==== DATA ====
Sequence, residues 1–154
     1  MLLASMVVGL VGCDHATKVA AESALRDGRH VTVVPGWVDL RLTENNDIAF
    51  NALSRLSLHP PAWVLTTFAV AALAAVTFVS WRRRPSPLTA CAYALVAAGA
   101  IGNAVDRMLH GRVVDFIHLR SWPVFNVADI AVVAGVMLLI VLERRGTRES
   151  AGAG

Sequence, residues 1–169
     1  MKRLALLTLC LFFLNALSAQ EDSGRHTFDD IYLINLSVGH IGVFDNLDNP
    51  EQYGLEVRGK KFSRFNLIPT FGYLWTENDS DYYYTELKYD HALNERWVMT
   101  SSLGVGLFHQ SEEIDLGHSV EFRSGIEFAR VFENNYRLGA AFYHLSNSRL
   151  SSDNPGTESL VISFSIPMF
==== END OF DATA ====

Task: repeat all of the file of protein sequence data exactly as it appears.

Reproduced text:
Sequence, residues 1–154
     1  MLLASMVVGL VGCDHATKVA AESALRDGRH VTVVPGWVDL RLTENNDIAF
    51  NALSRLSLHP PAWVLTTFAV AALAAVTFVS WRRRPSPLTA CAYALVAAGA
   101  IGNAVDRMLH GRVVDFIHLR SWPVFNVADI AVVAGVMLLI VLERRGTRES
   151  AGAG

Sequence, residues 1–169
     1  MKRLALLTLC LFFLNALSAQ EDSGRHTFDD IYLINLSVGH IGVFDNLDNP
    51  EQYGLEVRGK KFSRFNLIPT FGYLWTENDS DYYYTELKYD HALNERWVMT
   101  SSLGVGLFHQ SEEIDLGHSV EFRSGIEFAR VFENNYRLGA AFYHLSNSRL
   151  SSDNPGTESL VISFSIPMF